Tuesday, 24 May 2011

Guns and Butter

I've been reading C. J. Chivers' The Gun, which is about as fascinating a book as I've read. Chivers' book is a history of the AK-47; it's relatively nonjudgmental from a political point of view, and traces the emergence of the AK-47, first as an Eastern Bloc weapon, and then as the world's go-to weapon for criminals, revolutionaries and terrorists. One excerpt I find particularly interesting:

Any distillation that treats the AK-47 as a spontaneous invention, the epiphany of an unassuming but gifted sergeant at his workbench, misses the very nature of its origins as an idiosyncratic Soviet product. The weapon was designed collectively, the culmination of work by many people over many years, and the result of a process in which Senior Sergeant Kalashnikov was near the center in the mid and late 1940s. This process was driven not by entrepreneurship or by quirky Russian innovation and pluck, but by the internal desires and bureaucracy of the socialist state. The motivations that fueled it were particular to a moment in history. The Soviet Union, once a technologically backward society that had been brutalized and organized by Stalin's police state, had been militarizing throughout its existence, and it had recently been fully transformed into a military-industrial economy by war and its fear and hatred of Hitler. As Hitler exited the stage, this economy's potential for arms-making was harnessed again, this time in a mix of almost religious revolutionary ideology - socialism was, according to the party's core teaching, to sweep the world in an irresistible advance - and to a rational suspicion of the united States, with which it was compelled to compete...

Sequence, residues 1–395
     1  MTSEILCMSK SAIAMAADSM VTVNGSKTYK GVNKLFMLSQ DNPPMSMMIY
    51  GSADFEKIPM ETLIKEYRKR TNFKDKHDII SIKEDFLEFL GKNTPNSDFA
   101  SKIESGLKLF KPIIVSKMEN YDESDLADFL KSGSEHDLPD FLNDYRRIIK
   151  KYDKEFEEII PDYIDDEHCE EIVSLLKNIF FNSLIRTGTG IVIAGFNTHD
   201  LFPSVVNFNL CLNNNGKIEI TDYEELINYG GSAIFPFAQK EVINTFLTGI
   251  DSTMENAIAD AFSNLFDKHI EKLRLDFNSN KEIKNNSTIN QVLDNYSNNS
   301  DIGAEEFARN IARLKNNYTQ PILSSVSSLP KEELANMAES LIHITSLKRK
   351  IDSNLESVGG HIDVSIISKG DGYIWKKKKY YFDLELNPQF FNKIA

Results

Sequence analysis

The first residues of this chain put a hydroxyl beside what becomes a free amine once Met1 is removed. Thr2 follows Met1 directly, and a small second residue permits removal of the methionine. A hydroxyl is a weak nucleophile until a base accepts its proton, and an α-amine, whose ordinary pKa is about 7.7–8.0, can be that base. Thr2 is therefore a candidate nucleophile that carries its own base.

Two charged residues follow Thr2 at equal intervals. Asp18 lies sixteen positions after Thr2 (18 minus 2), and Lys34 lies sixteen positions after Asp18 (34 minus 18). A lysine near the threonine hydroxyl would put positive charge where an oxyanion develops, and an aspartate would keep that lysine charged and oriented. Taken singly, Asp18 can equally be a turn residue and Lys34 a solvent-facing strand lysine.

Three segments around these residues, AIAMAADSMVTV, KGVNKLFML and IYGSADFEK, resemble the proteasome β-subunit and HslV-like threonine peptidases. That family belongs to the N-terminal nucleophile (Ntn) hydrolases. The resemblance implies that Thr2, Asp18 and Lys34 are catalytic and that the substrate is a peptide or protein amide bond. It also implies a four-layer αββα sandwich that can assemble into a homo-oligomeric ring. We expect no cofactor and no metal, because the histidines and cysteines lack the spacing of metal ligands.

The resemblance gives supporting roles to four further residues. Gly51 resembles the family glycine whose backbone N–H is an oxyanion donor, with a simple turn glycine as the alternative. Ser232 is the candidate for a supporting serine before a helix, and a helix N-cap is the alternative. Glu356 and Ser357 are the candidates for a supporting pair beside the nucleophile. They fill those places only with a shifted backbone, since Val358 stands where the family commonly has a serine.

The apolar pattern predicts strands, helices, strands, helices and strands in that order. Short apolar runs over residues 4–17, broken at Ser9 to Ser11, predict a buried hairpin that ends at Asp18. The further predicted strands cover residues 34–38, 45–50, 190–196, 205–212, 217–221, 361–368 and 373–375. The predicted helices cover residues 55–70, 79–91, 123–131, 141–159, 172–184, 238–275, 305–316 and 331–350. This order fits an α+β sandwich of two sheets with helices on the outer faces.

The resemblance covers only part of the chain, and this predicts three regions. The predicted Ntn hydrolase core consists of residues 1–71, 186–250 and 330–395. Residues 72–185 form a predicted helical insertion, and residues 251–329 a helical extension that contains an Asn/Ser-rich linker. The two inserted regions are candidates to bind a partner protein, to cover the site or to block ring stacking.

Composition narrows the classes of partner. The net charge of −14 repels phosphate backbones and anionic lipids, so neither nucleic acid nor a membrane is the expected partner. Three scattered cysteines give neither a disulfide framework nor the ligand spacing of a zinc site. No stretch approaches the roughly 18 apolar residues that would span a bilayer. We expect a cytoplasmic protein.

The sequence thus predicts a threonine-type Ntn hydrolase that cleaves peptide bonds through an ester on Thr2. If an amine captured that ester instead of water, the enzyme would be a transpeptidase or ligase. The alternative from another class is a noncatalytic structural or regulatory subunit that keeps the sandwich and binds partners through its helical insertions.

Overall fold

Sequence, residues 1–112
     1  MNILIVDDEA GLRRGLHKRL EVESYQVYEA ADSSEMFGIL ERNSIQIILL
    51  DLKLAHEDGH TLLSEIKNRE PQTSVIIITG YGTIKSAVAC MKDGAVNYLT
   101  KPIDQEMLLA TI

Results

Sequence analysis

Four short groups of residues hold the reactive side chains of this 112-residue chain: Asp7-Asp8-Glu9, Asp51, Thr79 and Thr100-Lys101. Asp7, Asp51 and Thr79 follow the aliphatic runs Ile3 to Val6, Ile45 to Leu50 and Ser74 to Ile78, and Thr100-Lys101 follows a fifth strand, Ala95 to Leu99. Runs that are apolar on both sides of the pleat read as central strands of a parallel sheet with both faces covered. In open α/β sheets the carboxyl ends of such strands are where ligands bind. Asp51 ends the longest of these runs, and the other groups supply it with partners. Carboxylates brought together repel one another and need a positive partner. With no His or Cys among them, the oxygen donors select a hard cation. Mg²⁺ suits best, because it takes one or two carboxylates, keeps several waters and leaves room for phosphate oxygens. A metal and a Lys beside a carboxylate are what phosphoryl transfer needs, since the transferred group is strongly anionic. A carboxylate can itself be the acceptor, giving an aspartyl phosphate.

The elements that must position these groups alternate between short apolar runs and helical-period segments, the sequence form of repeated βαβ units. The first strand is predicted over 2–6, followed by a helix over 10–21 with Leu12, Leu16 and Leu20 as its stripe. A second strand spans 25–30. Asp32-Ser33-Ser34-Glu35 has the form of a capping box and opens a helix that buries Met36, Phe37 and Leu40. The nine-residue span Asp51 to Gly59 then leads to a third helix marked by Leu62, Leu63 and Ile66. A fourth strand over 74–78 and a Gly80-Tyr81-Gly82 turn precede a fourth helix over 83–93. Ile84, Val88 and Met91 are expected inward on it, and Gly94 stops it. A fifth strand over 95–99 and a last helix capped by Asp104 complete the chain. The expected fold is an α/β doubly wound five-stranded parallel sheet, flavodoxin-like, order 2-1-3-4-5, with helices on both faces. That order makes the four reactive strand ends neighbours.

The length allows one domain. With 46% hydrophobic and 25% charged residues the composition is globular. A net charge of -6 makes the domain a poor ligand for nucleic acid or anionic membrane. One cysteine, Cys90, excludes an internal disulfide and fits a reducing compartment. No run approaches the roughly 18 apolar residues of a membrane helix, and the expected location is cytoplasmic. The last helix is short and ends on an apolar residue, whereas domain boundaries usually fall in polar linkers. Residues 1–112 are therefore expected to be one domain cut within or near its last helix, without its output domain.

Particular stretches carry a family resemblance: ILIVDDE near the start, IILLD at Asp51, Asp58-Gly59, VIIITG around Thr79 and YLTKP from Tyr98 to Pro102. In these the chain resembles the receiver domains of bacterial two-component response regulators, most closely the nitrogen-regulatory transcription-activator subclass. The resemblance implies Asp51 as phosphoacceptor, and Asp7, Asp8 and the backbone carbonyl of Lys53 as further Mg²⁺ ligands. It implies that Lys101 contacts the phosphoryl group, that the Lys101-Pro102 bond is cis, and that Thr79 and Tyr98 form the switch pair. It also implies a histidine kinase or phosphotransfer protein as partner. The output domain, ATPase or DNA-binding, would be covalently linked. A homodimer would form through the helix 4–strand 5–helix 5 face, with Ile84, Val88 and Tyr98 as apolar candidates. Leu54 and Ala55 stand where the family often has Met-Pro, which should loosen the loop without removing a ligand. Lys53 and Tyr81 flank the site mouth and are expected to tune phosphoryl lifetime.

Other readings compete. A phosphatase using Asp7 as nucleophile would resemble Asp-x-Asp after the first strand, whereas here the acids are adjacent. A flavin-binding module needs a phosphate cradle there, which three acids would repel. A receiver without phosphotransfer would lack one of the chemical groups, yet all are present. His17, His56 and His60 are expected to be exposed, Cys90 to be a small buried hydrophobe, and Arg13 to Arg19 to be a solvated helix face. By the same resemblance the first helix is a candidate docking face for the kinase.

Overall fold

What makes the origins of the AK-47 interesting are not these easy platitudes, but the larger insights its story provides. The Soviet Union of the late 1940s was at a high point in its history. When it focused on technical tasks, it could excel. And when it focused on creating an automatic weapon that could be carried and managed by almost any man, it was able to quickly make on of the world's superproducts, and one of the truest symbols of itself.

If you have even a passing interest in history, military or otherwise, pick this book up. It's a fantastic read.

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